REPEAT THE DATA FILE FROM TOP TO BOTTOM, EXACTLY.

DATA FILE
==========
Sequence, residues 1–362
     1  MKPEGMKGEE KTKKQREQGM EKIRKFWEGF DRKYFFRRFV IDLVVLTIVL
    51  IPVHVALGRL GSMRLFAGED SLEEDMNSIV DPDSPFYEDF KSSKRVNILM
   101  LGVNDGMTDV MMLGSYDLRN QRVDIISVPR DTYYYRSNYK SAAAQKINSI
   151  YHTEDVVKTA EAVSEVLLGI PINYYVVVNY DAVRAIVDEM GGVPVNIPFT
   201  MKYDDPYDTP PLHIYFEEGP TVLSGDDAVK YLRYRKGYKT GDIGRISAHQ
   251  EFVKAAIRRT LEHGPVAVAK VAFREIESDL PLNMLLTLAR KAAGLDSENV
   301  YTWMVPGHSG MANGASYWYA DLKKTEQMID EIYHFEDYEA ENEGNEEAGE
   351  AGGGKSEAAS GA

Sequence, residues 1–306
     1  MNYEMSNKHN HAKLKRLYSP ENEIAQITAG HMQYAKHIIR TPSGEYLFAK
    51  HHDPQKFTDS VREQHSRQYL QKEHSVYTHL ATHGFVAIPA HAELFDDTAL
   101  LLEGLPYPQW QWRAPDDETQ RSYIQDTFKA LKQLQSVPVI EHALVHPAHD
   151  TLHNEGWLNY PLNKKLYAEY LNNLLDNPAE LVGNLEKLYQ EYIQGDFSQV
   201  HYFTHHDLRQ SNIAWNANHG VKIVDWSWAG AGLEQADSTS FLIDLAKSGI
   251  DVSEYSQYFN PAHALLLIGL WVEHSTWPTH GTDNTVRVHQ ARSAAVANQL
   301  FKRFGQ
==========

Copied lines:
Sequence, residues 1–362
     1  MKPEGMKGEE KTKKQREQGM EKIRKFWEGF DRKYFFRRFV IDLVVLTIVL
    51  IPVHVALGRL GSMRLFAGED SLEEDMNSIV DPDSPFYEDF KSSKRVNILM
   101  LGVNDGMTDV MMLGSYDLRN QRVDIISVPR DTYYYRSNYK SAAAQKINSI
   151  YHTEDVVKTA EAVSEVLLGI PINYYVVVNY DAVRAIVDEM GGVPVNIPFT
   201  MKYDDPYDTP PLHIYFEEGP TVLSGDDAVK YLRYRKGYKT GDIGRISAHQ
   251  EFVKAAIRRT LEHGPVAVAK VAFREIESDL PLNMLLTLAR KAAGLDSENV
   301  YTWMVPGHSG MANGASYWYA DLKKTEQMID EIYHFEDYEA ENEGNEEAGE
   351  AGGGKSEAAS GA

Sequence, residues 1–306
     1  MNYEMSNKHN HAKLKRLYSP ENEIAQITAG HMQYAKHIIR TPSGEYLFAK
    51  HHDPQKFTDS VREQHSRQYL QKEHSVYTHL ATHGFVAIPA HAELFDDTAL
   101  LLEGLPYPQW QWRAPDDETQ RSYIQDTFKA LKQLQSVPVI EHALVHPAHD
   151  TLHNEGWLNY PLNKKLYAEY LNNLLDNPAE LVGNLEKLYQ EYIQGDFSQV
   201  HYFTHHDLRQ SNIAWNANHG VKIVDWSWAG AGLEQADSTS FLIDLAKSGI
   251  DVSEYSQYFN PAHALLLIGL WVEHSTWPTH GTDNTVRVHQ ARSAAVANQL
   301  FKRFGQ